Autism or autistic disorder is a neurodevelopmental disorder that impairs a person’s ability to communicate, interact socially with others, and respond to certain stimuli in their surroundings. Autistic people have a peculiar perception of the world and interact distinctly with society. This can be considered a disability in a world with extreme social values and expectations and lead autistic individuals to experience a number of stressors in their daily routine.
Autism in the Arab world
When it comes to making a diagnosis of autism, the Arab World doesn’t fare well compared to western countries. Although one of the world’s most common disorders, ASD is less likely to be diagnosed in Arab communities as many Middle Eastern families lack awareness to identify symptoms and seek diagnostic clarification and treatment. There is a distinct absence of reliable numbers on diagnosis in the Middle East for autistic disorders, partially due to the lack of clinics and qualified medical personnel to diagnose them and also diagnosis of autism doesn’t include comprehensive behavioural / psychological considerations to form a full picture about the disorder.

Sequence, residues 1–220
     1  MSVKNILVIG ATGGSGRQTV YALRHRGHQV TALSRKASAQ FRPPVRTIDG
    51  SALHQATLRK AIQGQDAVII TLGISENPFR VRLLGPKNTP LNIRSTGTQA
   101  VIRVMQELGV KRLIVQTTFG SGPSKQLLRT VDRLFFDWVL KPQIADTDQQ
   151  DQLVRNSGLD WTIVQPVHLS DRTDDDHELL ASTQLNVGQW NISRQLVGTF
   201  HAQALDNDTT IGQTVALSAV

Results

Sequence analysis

Epidemiological research into autism in the GCC is relatively new and public awareness is disproportionally limited compared to western world. Studies of autism frequency have been particularly rare in the Middle East and these indicate that Iran, Qatar, and United Arab Emirates have the highest all-ages rates of ASD in the region. Nevertheless, higher reported prevalence rates in these countries may reflect improved diagnosis and it does not necessarily prove higher percentage of ASD in them, but could simply indicate that their populations have better access to healthcare facilities. However, even in the more developed Arab countries the diagnostic or intervention system for people with autism and high-functioning autism (HFA) is limited and features extreme inequalities. Conflicting studies and absence of specialty in the field reveal that the prevalence in the Middle East is still unknown, largely due to inadequacy of diagnoses, lack of societal acceptance and prejudice.